Impact of recent OPR cut on banks only temporary


LOCAL banks will take a temporary hit on earnings from the recent cut in the Overnight Policy Rate (OPR) but should be well-cushioned by provisioning buffers built up in anticipation of more rate cuts amid the Covid-19 pandemic.

Lenders with a higher proportion of cheap deposits may benefit from the lower OPR as it enables them to offer lower financing rates, Bank Islam Malaysia Bhd chief economist Dr Mohd Afzanizam Abdul Rashid (picture) said.

This also allows banking institutions to maintain their net interest margin (NIM) or net income margin at a reasonable level.

“An OPR cut can be negative, but it is only transitory as when banks’ deposits mature, new rates will be applied and NIMs should normalise thereafter,” he told The Malaysian Reserve.

Lenders should also ensure they have enough non-interest income — or non-fund-based income for Islamic banking — to make up for the impact when the OPR is slashed.

“Banks’ holdings in marketable securities such as bonds and sukuk will benefit when there is a declining interest rate as the interest rate and bond prices are inversely related,” Mohd Afzanizam said, adding that the gain in marketable securities would improve banks’ non-interest income.

On July 7, Bank Negara Malaysia (BNM) reduced the benchmark lending rate for the fourth time this year by 25 basis points (bps) to 1.75% due to concerns over weak economic conditions caused by the pandemic. The OPR cut provides additional policy stimulus to accelerate the pace of economic recovery, BNM said.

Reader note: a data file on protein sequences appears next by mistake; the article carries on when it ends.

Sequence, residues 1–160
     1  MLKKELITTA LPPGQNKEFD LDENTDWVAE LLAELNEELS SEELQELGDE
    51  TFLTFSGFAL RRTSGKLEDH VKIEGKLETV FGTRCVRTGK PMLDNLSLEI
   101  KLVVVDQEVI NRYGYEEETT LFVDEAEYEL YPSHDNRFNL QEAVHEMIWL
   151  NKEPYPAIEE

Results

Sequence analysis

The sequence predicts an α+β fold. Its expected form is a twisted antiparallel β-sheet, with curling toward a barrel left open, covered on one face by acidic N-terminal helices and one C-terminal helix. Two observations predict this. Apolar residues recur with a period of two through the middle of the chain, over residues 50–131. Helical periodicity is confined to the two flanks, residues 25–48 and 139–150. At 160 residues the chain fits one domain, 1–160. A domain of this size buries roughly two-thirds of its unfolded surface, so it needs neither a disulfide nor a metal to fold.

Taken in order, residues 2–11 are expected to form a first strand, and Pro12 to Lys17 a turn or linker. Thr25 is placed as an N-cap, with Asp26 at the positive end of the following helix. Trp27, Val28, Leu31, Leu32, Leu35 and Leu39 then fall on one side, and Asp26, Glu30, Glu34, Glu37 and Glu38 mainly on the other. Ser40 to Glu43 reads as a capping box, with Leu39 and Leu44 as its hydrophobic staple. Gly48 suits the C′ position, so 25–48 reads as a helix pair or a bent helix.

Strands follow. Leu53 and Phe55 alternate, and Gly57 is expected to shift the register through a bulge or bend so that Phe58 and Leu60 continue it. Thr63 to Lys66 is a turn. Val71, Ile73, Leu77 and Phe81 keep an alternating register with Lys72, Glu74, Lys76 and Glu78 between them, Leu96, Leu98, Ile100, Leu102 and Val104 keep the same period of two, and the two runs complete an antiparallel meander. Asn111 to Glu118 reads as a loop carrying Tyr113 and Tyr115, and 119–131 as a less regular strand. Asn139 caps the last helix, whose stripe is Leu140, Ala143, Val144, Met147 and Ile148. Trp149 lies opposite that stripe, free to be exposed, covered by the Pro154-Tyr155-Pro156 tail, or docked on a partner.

In a recent research note, MIDF Research said it’s staying neutral on the banking sector as the OPR cut was widely anticipated given the current situation of the Covid-19 pandemic as well as the expected economic fallout.

While a reduced OPR usually shrinks banks’ earnings, the effect of the recent reduction is likely to only be minimal as banks would have adjusted their pricing and strategy given the state of the economy.

The relaxation of regulatory requirements such as the Liquidity Coverage Ratio and Net Stable Funding Ratio also lessens the pressure on banks’ NIMs, MIDF Research said.

Depositors may be unwilling to lock in deposits for the longer term and prefer to utilise current account and savings account, for now, it added.

Meanwhile, AmBank Research expects banking sector NIM to compress by 13bps on average for the year. Every 25bp reduction in the OPR is expected to impact most banks’ NIM by 2bps to 4bps while their net profit will be narrowed by 1% to 3%.

“Arising from the dovish statement, we have input another 50bp rate cut into our earnings of banks for 2020. This included the 25bp reduction which has just been announced, bringing to a total of 150bp rate cut factored into our estimate for banks’ earnings in 2020.

“We expect a further rate cut of 25bps in the second half of 2020,” it said.

The research house is neutral on the industry, based on concerns over upticks in loan impairments after the six-month loan moratorium ends in September.

It added that Alliance Bank Malaysia Bhd is the most affected by the rate cut (due to its high percentage of variable rate loans), followed by Bank Islam Malaysia.